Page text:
When Roquan Smith earned the Butkus Award as college football’s best linebacker in 2017, he joined an elite group of Georgia Bulldogs recognized with national awards.
Herschel Walker and Frank Sinkwich won the Heisman. Walker and Charlie Trippi received the Maxwell Award honoring the nation’s top player. Bill Stanfill collected the Outland Trophy recognizing the country’s top lineman. David Pollack secured the Chuck Bednarik Award as Defensive Player of the Year, Champ Bailey the Bronko Nagurski Award for the same accolade, Drew Butler the Ray Guy Award for punters, and Garrison Hearst the Doak Walker Award for running backs.
So, does winning the Butkus place Smith at the top of the list among Bulldogs linebackers?
Before we present that list, two quick points deserve attention.
First, for much of college football history, substitutions were limited. Until 1941, and then again from 1953-64, a player who left the game for any reason could not return until the next quarter. These restrictions resulted in coaches using “one platoon” style football, keeping their best players on the field on offense and defense. Since 1964, open substitution rules allow for “two platoon” football, with players specializing on offense or defense. So, Georgia players before 1964 are not considered on the list since most played both ways.
The other limiting factor on the list relates to the position itself. What is a linebacker?
Defensive ends, sometimes called outside linebackers in contemporary terminology, are excluded from this list. So, no Boss Bailey, no David Pollack, no Jarvis Jones and no Justin Houston. Those guys play on the line of scrimmage and not behind the line. Traditionally, teams use either a five-man front (known widely as the Oklahoma 50 or simply the “50” defense) or a four-man front (usually called a 4-3). When teams are described as using a 3-4 defensive alignment, they are playing a 50-defense and choosing to either rush the two ends or drop them into coverage. These hybrid players are sometimes called outside linebackers, but they are not true linebackers.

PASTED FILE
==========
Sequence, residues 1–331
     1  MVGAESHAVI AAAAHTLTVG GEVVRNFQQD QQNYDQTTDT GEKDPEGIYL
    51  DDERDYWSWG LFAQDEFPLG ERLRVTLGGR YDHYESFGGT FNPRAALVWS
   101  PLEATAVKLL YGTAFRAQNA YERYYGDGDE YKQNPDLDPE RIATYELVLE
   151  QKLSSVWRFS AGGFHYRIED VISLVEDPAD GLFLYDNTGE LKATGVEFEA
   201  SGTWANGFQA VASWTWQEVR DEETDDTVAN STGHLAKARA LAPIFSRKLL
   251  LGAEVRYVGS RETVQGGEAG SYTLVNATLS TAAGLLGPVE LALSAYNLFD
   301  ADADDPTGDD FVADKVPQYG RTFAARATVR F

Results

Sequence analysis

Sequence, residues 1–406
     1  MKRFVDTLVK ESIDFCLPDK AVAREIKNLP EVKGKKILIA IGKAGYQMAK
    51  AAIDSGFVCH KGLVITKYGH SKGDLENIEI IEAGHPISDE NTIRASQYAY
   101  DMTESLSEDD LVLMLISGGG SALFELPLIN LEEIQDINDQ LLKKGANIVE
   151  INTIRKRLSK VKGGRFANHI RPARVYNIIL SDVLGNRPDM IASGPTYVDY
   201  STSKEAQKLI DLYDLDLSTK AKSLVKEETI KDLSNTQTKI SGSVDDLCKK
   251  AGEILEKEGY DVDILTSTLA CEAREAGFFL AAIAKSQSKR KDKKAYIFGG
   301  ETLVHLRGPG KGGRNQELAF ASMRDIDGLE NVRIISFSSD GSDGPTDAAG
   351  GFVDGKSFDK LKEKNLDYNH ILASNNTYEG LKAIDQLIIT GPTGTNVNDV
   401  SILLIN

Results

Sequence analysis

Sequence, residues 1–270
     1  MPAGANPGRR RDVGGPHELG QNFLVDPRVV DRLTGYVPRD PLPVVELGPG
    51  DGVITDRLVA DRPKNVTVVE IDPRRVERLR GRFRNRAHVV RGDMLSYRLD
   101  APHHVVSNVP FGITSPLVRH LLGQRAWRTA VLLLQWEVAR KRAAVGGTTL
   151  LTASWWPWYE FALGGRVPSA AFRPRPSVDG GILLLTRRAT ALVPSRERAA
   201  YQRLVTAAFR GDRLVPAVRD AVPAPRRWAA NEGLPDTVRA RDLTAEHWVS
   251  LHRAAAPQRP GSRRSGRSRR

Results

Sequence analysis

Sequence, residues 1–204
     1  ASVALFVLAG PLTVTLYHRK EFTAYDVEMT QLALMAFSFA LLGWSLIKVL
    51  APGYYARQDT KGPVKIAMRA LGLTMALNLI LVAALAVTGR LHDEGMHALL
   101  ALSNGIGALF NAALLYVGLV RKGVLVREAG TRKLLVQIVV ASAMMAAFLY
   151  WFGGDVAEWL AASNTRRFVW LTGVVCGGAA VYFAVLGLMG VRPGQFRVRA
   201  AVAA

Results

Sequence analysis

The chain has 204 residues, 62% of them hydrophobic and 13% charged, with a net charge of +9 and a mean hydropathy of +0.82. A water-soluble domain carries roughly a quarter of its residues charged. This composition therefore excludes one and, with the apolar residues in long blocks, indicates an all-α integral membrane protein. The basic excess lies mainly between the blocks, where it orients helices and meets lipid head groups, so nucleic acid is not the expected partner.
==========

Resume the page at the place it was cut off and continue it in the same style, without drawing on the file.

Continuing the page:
Got it? Nobody before 1964 and no defensive ends posing as linebackers. Here we go.
12. Tommy Lawhorne (1964-67)
From tiny Sylvester in southwest Georgia, Lawhorne epitomized the student-athlete as well as the prototype player on Vince Dooley’s early teams. Not the most athletically gifted, Lawhorne started for three years, was the University of Georgia’s valedictorian of 1968 and attended medical school at Johns Hopkins.
11. Greg Bright (1994-97)
Bright was a four-year starter and solid performer on mostly forgettable Georgia teams that transitioned from Ray Goff to Jim Donnan. Georgia went 27-18-1 during his time in Athens, the highlight coming in 1997 when Donnan’s second squad finished 10-2 and thumped Wisconsin in the Outback Bowl. Bright finished his career second on the Bulldogs’ tackles list.
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